Ads are coming to Netflix: What do top media buyers and analysts think?

Industry leaders across Asia, Europe and the US respond.

Netflix’s share price plunged nearly 40% after its Q1 results on Tuesday, when it shocked investors with a double whammy of news — subscribers fell for the first time in a decade and the streaming service said it is ready to launch an ad-supported tier.

The advertising industry previously had mixed feelings about Netflix’s long-time insistence on staying ad-free. While consumers liked the viewing experience, it undermined the case for TV advertising — widely regarded as the most effective and emotional medium for brands.

While some investors may see Netflix’s introduction of an ad-supported tier — probably in around 12 months’ time — as a sign of weakness, the prospect of advertisers being able to use Netflix’s rich audience data to target some of its 200 million subscribers is potentially exciting.

However, established ad-funded broadcasters and streamers may have reason to worry about a powerful new entrant taking share.

Experts believe the announcement comes at a “critical point” in the evolution of streaming TV business models, after major players like HBO Max and Disney+ have launched — or are preparing to launch — ad-supported tiers, joining Peacock, Paramount+ and Discovery+. With its global reach, observers suggest Netflix could influence a hybrid AVOD/SVOD model to become mainstream around the world rather than only in certain regions as it is currently.

The Campaign team asked industry leaders across the U.S., Asia and Europe to provide their thoughts on an ad-supported Netflix.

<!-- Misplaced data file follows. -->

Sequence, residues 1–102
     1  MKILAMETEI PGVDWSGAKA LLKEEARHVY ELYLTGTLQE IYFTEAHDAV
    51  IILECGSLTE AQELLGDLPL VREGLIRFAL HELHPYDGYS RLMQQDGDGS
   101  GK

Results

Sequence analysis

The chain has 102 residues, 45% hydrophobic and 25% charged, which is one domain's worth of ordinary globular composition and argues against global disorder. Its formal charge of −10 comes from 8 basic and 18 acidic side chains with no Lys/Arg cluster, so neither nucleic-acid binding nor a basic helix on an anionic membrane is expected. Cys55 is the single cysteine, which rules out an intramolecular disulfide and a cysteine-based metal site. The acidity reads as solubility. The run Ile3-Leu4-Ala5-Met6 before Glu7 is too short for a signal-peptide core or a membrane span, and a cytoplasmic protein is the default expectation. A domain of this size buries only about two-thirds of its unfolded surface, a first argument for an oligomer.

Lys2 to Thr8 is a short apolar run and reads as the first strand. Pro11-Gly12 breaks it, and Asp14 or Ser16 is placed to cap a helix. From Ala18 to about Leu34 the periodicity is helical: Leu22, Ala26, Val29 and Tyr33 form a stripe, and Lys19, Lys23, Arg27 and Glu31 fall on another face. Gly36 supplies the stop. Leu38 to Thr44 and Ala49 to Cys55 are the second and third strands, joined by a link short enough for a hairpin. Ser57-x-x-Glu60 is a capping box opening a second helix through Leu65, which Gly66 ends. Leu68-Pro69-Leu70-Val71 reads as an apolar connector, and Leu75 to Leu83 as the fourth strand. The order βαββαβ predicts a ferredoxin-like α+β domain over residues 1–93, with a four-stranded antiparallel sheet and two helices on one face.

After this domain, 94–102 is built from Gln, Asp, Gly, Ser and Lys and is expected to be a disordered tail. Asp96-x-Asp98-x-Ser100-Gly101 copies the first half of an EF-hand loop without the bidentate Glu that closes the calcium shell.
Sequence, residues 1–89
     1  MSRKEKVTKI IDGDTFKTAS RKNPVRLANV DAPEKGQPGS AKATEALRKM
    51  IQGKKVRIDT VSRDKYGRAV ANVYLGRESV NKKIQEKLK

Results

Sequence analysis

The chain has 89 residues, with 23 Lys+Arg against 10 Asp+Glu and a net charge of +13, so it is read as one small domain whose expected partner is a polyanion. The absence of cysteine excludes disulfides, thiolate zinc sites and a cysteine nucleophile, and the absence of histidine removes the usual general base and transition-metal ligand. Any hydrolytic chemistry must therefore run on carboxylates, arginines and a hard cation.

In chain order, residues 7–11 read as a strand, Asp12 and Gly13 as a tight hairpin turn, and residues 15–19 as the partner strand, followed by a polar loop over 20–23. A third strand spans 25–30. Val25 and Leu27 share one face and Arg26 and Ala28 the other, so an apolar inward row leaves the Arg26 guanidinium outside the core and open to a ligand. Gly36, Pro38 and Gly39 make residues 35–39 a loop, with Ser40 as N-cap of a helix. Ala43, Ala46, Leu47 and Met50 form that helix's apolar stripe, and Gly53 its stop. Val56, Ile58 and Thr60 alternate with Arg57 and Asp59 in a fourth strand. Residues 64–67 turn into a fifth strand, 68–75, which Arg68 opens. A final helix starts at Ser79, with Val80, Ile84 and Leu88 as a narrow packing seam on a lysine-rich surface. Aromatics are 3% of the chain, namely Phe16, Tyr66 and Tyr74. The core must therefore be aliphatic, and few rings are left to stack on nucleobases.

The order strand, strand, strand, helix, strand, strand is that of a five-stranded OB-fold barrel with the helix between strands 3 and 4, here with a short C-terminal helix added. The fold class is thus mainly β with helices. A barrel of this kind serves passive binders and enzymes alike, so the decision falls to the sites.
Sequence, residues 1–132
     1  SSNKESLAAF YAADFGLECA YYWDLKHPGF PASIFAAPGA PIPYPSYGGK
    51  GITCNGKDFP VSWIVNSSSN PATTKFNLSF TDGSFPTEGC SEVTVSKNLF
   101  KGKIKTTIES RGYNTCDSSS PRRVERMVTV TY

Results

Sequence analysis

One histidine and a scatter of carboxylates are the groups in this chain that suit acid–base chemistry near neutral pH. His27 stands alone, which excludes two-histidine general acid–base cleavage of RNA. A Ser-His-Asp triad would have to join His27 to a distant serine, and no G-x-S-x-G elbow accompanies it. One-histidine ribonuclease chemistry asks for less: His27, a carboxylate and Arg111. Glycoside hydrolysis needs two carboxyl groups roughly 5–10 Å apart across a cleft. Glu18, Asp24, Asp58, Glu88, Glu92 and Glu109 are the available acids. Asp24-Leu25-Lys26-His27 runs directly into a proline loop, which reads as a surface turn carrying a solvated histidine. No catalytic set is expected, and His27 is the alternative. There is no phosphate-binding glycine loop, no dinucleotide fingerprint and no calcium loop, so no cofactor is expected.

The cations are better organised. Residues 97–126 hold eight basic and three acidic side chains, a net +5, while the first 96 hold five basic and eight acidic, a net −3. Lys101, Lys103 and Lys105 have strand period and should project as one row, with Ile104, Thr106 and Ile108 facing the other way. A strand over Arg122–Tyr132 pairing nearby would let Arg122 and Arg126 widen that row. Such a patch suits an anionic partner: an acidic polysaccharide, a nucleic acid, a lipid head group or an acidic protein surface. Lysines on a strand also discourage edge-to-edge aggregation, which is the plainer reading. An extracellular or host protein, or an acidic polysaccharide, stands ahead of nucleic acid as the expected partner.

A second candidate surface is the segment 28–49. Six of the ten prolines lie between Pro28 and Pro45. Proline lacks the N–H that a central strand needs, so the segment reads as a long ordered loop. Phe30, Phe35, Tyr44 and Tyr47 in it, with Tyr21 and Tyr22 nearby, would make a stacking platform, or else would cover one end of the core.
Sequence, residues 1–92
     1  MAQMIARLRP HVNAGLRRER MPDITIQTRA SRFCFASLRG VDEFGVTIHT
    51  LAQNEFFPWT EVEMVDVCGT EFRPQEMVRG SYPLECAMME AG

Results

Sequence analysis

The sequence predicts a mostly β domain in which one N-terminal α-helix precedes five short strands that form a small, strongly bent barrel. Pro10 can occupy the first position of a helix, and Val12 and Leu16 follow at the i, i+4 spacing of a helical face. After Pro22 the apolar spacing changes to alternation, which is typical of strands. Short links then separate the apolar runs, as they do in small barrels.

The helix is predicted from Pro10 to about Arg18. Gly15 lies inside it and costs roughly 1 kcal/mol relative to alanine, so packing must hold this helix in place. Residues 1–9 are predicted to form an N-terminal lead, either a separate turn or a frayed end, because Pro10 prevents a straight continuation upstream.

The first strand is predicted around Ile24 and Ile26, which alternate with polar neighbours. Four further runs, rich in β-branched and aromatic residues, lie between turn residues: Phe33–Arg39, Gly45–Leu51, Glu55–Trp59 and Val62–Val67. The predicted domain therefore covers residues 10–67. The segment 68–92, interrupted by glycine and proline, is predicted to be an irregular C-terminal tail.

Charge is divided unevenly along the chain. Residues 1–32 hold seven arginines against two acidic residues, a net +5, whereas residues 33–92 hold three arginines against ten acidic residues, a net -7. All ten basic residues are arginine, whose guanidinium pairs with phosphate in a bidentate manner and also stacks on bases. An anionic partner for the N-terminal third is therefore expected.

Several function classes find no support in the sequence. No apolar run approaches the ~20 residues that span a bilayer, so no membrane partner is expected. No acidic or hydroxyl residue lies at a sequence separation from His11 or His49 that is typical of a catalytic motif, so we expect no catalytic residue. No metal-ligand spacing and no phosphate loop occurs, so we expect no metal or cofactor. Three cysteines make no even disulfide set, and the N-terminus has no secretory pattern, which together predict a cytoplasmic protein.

Brian Wieser

Global president of business intelligence, GroupM

Almost reflexively, marketers are excited by the prospects of an ad-supported Netflix. Many might presume it will help them reach vast numbers of elusive consumers with impactful messages on zeitgeist-influencing programming in relatively short order.

However, such presumptions would almost surely fall short of reality in the near-term. It remains unclear when an offering might be available, which countries ads will run in, who will subscribe, how the company will avoid cannibalizing its existing revenue base and whether or not the ad products will meet marketer expectations. There is also the matter of who will sell the ads and how campaigns will be managed, among other details. Everything will surely be sorted out with time, but until then, any specific impact on Netflix and the advertising market is difficult to divine with precision.

On balance, the news is likely mixed for conventional broadcasters. On one hand, Netflix may sell billions of dollars in advertising that might otherwise have been sold to traditional TV networks. As well, other streaming services are likely to become more aggressive in the use of advertising if they do not feel curtailed competitively by Netflix.

However, broadcasters will benefit if a significant share of subscribers don’t otherwise access conventional ad-supported TV and are exposed to ads via streaming services. The incremental campaign reach the streamers would offer may help the broadly-defined medium to better satisfy advertiser reach and frequency goals, at least relative to the alternatives.

Tony Gunnarsson

Principal analyst, TV, video and advertising, Omdia

The potential is huge for Netflix. Even if there is some cannibalization of premium users, the uptick in revenues from ad dollars will make it more than worthwhile.

It's plausible that Netflix will play a key role in driving the roll out of hybrid AVOD/SVOD around the world. Today, such models are mostly found in the U.S. and in Asia, but should Netflix add this on a global basis, it could be the next big thing. It'd force others to move beyond pure paid-for streaming models. I've long argued that it is unsustainable to expect customers to buy more than five SVOD services — so hybrid models are part of the solution as it eases the pressure on consumer wallets.